Thursday, September 27, 2012

A Meditation

A Meditation

How does one tell time? Why do we tell, rather than read or decipher or measure, time? What does time give away? What if a crystal should survive the humanly measurable universe in order to keep on ticking, in imitation of a human heartbeat, with attracting and repelling protons and neutrons, long after there is no one left to smile, no one left to care about measuring the duration of mere duration. It would appear that its length is the same by any measure.

I profess time. The subjective slip into tempus fugit, having a good one, it flies rather. I survived to tell it—yet so many claim that death is not the end—and this crystal, attracting and repelling itself for eternities beyond the life of matter, will visually expose the bomb’s ticking well after its explosion. Humankind is only, at this point in time, up to this postscript, tale told, into empty and cold eternities of circumlocution.

Let us rather measure time in the degradation of our world—the creeping chaos of the market economy, the useless technological inventions that function merely to redistribute wealth, distract the monkey from his banana, and chip away at our ability to think, to concentrate, to read, to study, to ponder. You shovel television, the Internet, and cellular phones down our gullets—limiting our cognitive horizons to smaller and smaller screens—and invent ADD to explain away the creeping stupidity among our children. Sky flowers: the 4th of July; they stole our world away while we, a population of frozen, flesh-eating zombies, stood and watched the spectacles, ever more tawdry, ever more expensive, in these sad, shrinking simulacra of the sky.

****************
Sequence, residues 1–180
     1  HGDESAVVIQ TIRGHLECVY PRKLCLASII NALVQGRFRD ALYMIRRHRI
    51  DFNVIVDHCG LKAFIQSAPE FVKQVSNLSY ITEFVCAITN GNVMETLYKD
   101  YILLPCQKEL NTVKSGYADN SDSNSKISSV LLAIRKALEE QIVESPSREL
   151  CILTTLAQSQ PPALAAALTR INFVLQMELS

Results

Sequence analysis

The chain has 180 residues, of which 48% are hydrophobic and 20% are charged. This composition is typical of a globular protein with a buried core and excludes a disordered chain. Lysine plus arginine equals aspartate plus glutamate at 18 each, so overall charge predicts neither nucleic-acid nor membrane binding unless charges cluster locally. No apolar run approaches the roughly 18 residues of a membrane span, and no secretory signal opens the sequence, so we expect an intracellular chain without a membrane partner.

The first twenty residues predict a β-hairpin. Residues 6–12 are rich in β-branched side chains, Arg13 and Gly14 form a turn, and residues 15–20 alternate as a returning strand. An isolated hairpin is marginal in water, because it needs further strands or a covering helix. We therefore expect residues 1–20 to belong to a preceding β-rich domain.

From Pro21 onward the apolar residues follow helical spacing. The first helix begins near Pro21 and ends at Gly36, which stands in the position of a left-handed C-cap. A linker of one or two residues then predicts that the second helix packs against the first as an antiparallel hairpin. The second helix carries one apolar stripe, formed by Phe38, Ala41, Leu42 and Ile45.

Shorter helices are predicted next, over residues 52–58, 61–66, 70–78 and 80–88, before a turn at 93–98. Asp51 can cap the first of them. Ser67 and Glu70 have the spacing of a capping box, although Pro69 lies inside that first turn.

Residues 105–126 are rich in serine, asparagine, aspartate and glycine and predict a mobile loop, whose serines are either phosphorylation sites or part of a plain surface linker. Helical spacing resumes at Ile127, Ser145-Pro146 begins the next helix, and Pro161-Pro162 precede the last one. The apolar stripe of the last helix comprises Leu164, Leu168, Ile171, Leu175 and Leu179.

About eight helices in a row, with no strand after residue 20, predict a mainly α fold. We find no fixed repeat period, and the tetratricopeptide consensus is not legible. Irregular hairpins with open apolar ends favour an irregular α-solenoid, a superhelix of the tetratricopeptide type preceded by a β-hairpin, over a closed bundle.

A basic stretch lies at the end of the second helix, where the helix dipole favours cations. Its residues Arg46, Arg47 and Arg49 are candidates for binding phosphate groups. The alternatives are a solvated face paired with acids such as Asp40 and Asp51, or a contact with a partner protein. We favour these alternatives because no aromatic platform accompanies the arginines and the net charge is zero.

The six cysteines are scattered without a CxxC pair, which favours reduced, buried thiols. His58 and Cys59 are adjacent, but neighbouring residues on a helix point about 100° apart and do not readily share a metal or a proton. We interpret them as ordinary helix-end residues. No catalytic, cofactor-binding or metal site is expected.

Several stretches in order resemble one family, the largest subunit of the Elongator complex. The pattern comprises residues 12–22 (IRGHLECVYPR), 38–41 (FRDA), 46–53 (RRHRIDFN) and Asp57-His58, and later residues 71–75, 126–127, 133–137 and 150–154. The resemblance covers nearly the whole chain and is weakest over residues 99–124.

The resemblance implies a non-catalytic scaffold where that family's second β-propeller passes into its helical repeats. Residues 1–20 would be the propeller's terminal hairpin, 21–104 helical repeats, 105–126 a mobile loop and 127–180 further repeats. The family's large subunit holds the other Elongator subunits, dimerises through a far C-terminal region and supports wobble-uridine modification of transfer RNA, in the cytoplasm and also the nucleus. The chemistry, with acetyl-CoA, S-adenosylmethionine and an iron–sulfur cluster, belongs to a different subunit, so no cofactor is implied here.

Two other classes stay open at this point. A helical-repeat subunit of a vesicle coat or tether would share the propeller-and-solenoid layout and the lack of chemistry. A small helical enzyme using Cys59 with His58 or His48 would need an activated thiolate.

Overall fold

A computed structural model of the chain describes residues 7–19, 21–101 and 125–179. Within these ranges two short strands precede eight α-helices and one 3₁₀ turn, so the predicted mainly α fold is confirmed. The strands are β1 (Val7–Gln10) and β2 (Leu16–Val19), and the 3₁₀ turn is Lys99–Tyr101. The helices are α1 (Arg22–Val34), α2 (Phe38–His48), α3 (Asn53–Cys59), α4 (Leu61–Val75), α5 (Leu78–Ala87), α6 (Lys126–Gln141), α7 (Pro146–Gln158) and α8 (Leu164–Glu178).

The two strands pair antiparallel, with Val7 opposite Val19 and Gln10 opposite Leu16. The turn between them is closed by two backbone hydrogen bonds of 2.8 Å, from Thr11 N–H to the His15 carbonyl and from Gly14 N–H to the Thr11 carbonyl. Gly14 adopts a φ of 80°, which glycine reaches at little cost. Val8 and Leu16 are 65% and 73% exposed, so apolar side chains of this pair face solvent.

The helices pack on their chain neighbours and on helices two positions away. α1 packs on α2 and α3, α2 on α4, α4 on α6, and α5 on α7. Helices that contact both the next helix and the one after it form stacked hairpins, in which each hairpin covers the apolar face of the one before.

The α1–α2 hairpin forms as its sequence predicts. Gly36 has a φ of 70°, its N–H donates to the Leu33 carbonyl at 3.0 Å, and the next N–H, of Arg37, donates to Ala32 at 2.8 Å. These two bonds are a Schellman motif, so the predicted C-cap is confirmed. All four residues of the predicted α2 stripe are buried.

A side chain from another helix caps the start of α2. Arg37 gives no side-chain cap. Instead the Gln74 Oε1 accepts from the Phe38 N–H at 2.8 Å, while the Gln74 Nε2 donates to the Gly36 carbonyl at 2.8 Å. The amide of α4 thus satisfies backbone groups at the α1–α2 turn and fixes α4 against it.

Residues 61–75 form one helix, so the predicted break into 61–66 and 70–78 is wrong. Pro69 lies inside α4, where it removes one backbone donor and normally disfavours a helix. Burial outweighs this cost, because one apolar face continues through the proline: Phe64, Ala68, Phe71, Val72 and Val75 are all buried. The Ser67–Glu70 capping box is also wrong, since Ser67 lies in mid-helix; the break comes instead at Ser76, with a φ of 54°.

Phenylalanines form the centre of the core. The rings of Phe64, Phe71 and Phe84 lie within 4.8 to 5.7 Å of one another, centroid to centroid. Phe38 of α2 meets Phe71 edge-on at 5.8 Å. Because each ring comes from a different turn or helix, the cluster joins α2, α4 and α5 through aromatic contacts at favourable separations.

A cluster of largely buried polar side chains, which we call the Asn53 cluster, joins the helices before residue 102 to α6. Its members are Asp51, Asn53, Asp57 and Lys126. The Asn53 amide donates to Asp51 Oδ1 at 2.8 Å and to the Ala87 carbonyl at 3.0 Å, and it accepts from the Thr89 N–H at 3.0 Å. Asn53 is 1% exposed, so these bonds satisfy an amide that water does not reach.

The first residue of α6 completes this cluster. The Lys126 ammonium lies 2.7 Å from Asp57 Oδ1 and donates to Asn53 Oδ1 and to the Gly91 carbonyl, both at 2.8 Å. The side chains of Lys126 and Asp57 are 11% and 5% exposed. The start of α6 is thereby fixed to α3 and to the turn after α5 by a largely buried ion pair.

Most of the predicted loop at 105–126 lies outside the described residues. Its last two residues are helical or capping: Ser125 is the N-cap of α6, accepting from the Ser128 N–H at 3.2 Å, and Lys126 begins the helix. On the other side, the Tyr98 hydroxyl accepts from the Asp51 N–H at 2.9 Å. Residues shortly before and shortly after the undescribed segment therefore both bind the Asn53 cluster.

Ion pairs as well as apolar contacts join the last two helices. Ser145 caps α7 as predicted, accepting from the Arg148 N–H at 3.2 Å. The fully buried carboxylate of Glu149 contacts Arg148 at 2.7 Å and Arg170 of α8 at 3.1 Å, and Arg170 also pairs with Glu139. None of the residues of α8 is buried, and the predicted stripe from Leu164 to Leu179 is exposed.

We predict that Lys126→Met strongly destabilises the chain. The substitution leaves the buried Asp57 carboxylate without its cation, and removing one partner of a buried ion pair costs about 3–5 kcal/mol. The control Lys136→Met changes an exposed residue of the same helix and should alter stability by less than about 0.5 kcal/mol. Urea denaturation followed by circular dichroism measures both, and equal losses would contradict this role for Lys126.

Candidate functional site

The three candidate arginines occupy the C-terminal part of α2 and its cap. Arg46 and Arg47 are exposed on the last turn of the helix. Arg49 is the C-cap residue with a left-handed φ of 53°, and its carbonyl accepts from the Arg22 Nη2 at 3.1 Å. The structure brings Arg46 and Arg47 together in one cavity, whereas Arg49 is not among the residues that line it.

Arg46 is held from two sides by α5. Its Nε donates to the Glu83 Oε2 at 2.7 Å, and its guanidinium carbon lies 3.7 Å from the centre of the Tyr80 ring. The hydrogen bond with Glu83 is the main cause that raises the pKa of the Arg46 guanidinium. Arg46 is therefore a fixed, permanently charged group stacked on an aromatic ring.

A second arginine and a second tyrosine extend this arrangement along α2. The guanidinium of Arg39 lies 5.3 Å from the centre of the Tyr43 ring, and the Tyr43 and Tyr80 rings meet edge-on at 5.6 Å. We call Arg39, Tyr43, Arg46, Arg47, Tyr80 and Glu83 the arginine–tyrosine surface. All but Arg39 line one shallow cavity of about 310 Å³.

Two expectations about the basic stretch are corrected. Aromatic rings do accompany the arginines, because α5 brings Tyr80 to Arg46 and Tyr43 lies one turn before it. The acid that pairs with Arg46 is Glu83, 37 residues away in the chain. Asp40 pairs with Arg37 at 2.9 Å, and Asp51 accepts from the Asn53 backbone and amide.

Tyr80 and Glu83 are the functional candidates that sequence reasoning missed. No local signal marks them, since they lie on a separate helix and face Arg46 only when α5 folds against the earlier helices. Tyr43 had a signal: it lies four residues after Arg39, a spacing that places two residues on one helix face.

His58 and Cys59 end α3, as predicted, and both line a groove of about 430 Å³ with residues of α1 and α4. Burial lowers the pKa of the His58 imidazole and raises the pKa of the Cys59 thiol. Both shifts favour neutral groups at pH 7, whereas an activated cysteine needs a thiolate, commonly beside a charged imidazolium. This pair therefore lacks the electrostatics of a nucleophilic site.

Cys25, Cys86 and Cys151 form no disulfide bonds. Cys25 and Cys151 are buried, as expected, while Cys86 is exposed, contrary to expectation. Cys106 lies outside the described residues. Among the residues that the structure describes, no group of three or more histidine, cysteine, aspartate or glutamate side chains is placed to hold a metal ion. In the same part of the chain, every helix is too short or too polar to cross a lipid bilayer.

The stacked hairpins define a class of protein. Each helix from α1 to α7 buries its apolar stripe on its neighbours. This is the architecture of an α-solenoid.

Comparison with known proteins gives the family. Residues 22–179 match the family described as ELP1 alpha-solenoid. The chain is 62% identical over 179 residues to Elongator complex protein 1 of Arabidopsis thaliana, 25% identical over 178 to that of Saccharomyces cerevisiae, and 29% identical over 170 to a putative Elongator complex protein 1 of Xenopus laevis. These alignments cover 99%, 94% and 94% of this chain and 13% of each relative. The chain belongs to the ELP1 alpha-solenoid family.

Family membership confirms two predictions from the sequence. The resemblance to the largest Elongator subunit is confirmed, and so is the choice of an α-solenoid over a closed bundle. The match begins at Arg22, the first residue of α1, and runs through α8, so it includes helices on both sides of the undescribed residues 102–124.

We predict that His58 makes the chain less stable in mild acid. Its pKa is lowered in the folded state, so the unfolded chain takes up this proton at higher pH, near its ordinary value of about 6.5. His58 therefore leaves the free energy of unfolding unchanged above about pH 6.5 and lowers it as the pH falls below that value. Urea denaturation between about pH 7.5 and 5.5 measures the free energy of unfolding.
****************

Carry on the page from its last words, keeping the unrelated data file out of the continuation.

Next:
Time is really measured, by the masses, through inflation, which should be called deflation, by the noticeable emptying of humanity’s collective coffers.

At one time we defined and overcame our own concept of measurable time through thought, through the contemplation of static images, in what our monkish ancestors termed prayer but what is really more correctly called meditation. Every technological innovation that I have witnessed in my lifetime has been directly inimical to this once creative and sacred exercise of our cognitive and imaginative powers.

The images move too fast for contemplation now. We are no longer given any space in which to think—time?—but are rather trained, continuously, to receive, to eat, to gorge and consume, but never to taste, nor especially to cook. It’s even considered bad form to throw the food back at our keepers in disgust, or just for fun. (Because they look so funny with spaghetti hair and tomato sauce face powder.)

Take your time. Hide it away in a text, in a picture, in music, in a shape—something that does not move; a static crystal whose eternity remains chainlinked to the history of matter, of humankind, and of our so little known universe. Leave mysticism to the physicists. Quote Dante Alighieri: make more love by taking love away from those who offer it. Be a working contradiction.


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